Chevy Engine Troubleshootingby Dan Ferrell
Your Chevy engine is not much different from many other makes and models you see on the road. An internal combustion engine needs the proper air-fuel ratio, burned by a healthy spark and delivered at the right time. A good and strong explosion will efficiently turn your crankshaft to provide the torque and speed power. Several systems help the engine accomplish these tasks, and that's where your ability to troubleshoot will be useful. Which component in which system is causing trouble?
Check your battery, ignition system and starter if your Chevy engine refuses to start. A weak battery or spark will not provide the electrical power to turn your starter or fire the air-fuel mixture. Check for corroded battery connections, worn spark plug wires and plugs, faulty coil and ignition control module. Also, make sure your starter and fuel pump are working properly.
Check your vacuum system if the engine stalls or runs rough on idle. A leaking vacuum hose or intake manifold gasket will lower internal pressure, affecting air-fuel delivery. Make sure your fuel pump has the correct pressure, there is no air intake restriction--clogged air filter--and the ignition system is providing a good spark.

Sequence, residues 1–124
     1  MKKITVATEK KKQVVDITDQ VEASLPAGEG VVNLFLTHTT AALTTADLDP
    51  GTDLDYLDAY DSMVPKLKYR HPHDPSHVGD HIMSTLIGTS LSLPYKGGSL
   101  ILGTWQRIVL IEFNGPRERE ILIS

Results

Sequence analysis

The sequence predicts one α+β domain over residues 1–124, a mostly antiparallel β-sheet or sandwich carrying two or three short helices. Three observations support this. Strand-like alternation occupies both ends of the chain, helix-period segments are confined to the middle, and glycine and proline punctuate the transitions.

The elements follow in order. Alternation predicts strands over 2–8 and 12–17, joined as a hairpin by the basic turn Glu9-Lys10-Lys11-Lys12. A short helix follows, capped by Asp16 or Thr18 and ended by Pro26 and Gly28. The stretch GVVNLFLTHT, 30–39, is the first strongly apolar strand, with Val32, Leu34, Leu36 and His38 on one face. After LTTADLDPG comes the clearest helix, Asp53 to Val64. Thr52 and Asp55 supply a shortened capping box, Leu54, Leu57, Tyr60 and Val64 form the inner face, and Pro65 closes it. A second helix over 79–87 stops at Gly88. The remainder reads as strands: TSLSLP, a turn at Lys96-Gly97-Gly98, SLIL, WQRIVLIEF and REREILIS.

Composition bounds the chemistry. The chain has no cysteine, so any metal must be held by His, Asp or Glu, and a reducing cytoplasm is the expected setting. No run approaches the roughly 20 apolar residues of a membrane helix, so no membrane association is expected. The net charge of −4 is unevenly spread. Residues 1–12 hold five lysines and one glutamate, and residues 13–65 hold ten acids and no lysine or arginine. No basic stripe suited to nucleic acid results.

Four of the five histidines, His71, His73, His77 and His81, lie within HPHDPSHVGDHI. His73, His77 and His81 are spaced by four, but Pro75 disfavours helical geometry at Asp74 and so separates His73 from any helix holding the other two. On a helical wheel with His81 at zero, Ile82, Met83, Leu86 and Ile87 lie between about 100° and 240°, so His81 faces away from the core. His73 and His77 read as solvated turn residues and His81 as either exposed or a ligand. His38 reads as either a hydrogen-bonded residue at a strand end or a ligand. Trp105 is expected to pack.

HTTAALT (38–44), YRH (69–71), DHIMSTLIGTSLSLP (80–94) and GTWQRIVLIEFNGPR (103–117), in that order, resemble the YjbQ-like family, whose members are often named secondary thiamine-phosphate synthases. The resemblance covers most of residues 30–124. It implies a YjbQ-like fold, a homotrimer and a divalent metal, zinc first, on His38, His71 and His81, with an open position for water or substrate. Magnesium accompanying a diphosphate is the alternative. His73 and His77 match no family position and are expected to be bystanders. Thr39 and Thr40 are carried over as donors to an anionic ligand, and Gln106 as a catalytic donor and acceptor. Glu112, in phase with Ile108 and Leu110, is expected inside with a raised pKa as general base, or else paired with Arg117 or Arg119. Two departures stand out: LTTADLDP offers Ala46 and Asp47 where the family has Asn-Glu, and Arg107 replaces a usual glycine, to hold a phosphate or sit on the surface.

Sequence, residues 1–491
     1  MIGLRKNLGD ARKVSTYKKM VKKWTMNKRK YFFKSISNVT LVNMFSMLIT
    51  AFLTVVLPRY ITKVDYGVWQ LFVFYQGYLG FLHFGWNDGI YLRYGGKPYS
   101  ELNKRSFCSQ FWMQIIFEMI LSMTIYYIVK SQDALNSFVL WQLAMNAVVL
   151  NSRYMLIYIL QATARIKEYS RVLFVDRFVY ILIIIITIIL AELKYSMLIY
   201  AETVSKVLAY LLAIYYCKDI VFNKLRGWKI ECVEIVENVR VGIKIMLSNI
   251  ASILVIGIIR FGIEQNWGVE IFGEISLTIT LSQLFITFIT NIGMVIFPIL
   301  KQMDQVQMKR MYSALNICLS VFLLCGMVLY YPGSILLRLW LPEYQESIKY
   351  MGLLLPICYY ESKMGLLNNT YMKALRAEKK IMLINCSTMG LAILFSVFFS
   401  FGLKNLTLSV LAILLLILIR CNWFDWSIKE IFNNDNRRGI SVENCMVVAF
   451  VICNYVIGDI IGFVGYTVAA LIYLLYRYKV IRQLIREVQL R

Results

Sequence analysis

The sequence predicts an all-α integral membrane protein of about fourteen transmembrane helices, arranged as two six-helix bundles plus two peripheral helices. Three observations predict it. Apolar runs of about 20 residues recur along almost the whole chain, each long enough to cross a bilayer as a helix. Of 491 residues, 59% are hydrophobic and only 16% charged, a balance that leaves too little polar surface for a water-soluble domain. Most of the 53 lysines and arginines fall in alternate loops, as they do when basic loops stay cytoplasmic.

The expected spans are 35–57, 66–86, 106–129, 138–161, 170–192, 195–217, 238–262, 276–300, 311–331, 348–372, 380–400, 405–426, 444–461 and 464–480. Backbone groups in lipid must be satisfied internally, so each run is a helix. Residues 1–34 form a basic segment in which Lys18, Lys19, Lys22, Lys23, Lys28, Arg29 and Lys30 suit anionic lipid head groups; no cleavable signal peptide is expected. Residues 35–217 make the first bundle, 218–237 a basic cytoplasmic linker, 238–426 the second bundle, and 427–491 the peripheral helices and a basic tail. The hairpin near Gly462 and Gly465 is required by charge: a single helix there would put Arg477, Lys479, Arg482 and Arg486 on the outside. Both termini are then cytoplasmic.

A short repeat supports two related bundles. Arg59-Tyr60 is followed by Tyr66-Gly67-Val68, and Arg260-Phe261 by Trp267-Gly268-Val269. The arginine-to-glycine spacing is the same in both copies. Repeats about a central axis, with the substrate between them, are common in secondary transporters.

Check the ignition coil first if the engine loses power. A worn or faulty coil will not deliver a strong spark. Also inspect ignition timing and the fuel pump. If you just replaced the spark plugs, make sure their gap is correct; then check for a blown cylinder gasket, low compression or restricted exhaust system.
Check your ignition coil if the engine misses when you accelerate. The coil may be providing an intermittent spark, making some of the cylinders miss combustion; then look over the distributor and rotor for damage, spark plug wires and plugs for wear.
Check your fuel system and alternator if you hear knocking engine noises every time you accelerate or drive up a hill. Also inspect the ignition system, including spark plugs and distributor components and possible small vacuum leaks--a loose or torn vacuum hose.
- A hand-held electronic scanner will greatly help you identify hard-to-diagnose engine problems. The scanner communicates with the engine's computer to retrieve stored trouble codes produced by specific systems and faulty sensors that may be affecting engine operation. You can buy one at most auto parts stores. Consult your service manual to locate and identify components if necessary. You can buy a service manual at most auto parts stores or consult one for free at your local public libraries.
Things You'll Need
- Standard and Phillips screwdriver set Slip joint and nose pliers Combination wrenches Ratchet and socket set
Since 2003 Dan Ferrell has contributed general and consumer-oriented news to television and the Web. His work has appeared in Texas, New Mexico and Miami and on various websites. Ferrell is a certified automation and control technician from the Advanced Technology Center in El Paso, Texas.